"I feel confident that the hole that's left has already been filled by a ton of other great events in this city. Among others, the High Plains Comedy Festival, Starz Denver Film Festival, Open Screen Night and the Emerging Filmmakers Project all contribute significantly to the rapidly growing film and comedy communities that Denver has. As creative artists, we're losing something great with Festivus, but looking at where we were seven years ago when the festival first began, it's obvious we're kicking ass, culturally speaking."Keep reading for more on Festivus and Laugh Track.
Co-founder Tim DeMasters: "The Laugh Track Comedy Festival was a spinoff for us, so we managed it and funded it, but LTCF required the Nix Bros to be effective (but thanks to Kate O'Neill for directing it our first year and getting it ready for them). They really helped up the level of success on that festival. And as you probably well know, they are pretty busy creative dudes.
"Evan told us in one of our regular meetings that he doubted he and Adam would have the personal time to invest in Laugh Track Comedy Fest after the 2012 event in August. They had the Grawlix videos going full swing then, including their Amazon Prime spot, and were starting to push their careers in a direction that wouldn't have much time left for Laugh Track.
"With Festivus, as Johnny said, there were some major personal changes for both of us. Those changes were probably the largest contributing factors to us making the decision to close it all down, but leading up to him moving out of country and my wife and I having a baby, there were some business factors that just didn't quite all line up in our favor. We were financially doing fine from year one, even -- the event was self-sustaining, and made money -- but it didn't ever make enough for us to call it a halftime/fulltime job. I think if either of us had gotten to that point, we could have kept it alive. Then, while we were trying a few new marketing things, and stretching our internal budget a little bit, our sixth year event in January 2013 happened to fall on the same week as the first major blizzard of the season. The type of snowfall that actually shuts the city down for a day or two. We avoided bad weather for five seasons prior, but I guess Mother Nature caught up to us. The snow event didn't shut our attendance down by any means -- people still came out for it -- but the snow hampered our income just enough that year to leave us wondering if we could do it again (especially remotely for one of us) and keep it rad.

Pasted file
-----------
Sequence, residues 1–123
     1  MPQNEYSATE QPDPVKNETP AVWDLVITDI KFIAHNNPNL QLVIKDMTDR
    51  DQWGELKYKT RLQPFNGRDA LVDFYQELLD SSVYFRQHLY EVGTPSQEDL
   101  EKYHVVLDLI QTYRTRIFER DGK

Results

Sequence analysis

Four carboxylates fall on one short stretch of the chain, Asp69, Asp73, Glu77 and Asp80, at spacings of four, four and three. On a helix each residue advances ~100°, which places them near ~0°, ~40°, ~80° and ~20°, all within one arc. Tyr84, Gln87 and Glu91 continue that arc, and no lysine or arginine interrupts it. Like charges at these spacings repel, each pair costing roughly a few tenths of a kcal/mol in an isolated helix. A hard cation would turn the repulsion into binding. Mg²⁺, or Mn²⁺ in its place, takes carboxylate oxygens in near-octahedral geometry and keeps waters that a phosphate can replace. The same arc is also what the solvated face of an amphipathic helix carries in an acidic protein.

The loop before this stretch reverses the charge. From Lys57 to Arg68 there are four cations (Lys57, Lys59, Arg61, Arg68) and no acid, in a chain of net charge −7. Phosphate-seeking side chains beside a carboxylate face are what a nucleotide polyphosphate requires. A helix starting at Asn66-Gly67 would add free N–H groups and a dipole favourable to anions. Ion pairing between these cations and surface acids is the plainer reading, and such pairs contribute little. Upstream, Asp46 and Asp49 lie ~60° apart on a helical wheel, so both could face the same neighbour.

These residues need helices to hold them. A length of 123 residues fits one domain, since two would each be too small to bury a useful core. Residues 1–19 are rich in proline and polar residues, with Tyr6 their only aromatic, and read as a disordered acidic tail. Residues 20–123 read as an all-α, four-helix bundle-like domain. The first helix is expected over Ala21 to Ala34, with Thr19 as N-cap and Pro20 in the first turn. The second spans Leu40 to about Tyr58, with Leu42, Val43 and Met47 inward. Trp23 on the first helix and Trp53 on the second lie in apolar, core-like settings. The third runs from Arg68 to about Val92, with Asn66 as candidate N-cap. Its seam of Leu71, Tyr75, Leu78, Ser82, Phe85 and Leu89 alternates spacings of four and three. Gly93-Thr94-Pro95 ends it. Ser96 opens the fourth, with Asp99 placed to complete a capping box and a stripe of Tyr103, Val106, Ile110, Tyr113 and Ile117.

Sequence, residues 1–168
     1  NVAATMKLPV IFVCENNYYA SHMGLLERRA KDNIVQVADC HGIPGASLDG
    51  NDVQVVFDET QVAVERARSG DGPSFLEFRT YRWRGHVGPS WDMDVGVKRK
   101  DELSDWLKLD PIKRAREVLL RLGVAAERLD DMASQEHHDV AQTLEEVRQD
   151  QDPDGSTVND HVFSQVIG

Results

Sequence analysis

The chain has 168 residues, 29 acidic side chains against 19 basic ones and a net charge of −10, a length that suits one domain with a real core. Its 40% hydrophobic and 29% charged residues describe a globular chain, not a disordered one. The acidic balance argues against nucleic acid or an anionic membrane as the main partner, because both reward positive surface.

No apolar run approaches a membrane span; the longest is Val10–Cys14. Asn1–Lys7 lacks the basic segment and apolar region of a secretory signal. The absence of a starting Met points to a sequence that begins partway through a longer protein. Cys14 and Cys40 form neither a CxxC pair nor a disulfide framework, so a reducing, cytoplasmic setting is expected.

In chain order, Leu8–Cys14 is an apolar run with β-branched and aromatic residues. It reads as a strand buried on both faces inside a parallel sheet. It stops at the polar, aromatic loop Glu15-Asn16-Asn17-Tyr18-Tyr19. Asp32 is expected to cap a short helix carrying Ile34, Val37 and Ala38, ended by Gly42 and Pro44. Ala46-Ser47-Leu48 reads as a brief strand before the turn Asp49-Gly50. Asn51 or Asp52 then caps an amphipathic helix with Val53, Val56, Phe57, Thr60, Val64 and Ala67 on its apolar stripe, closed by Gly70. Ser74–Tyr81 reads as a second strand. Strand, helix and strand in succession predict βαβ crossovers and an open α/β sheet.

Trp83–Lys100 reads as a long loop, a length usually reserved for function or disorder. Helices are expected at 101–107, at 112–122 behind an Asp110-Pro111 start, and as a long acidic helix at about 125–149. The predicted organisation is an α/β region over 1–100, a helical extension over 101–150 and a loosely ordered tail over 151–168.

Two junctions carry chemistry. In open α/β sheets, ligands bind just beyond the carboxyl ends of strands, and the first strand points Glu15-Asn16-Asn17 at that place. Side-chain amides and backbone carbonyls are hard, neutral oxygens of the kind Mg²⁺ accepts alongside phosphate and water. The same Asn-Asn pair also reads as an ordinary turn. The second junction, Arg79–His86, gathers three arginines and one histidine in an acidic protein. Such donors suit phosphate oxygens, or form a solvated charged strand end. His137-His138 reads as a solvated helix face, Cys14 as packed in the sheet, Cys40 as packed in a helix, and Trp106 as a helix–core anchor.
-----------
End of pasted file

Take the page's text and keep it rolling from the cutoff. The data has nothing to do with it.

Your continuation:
"I think that's a major point: Both Evan, Adam, Johnathan and myself don't like doing something if it can't be done well. And that should be said for the solid team of ten people we had with us year after year as well. So it started to seem like our time was up, however unfortunate that was, and we decided to close it down instead of risk having an "unmemorable" event. If we had landed a major title sponsor, or had a fully sold-out event, I think we could have been talked into staying together pretty easily. We both feel really good about the achievement, though, and we know we helped pave the way in Denver for a handful of other festivals, most of which had founders present films or standup acts as part of Festivus or Laugh Track prior to their inception."
Follow Byron Graham on twitter @ByronFG for more mildly amusing sequences of words.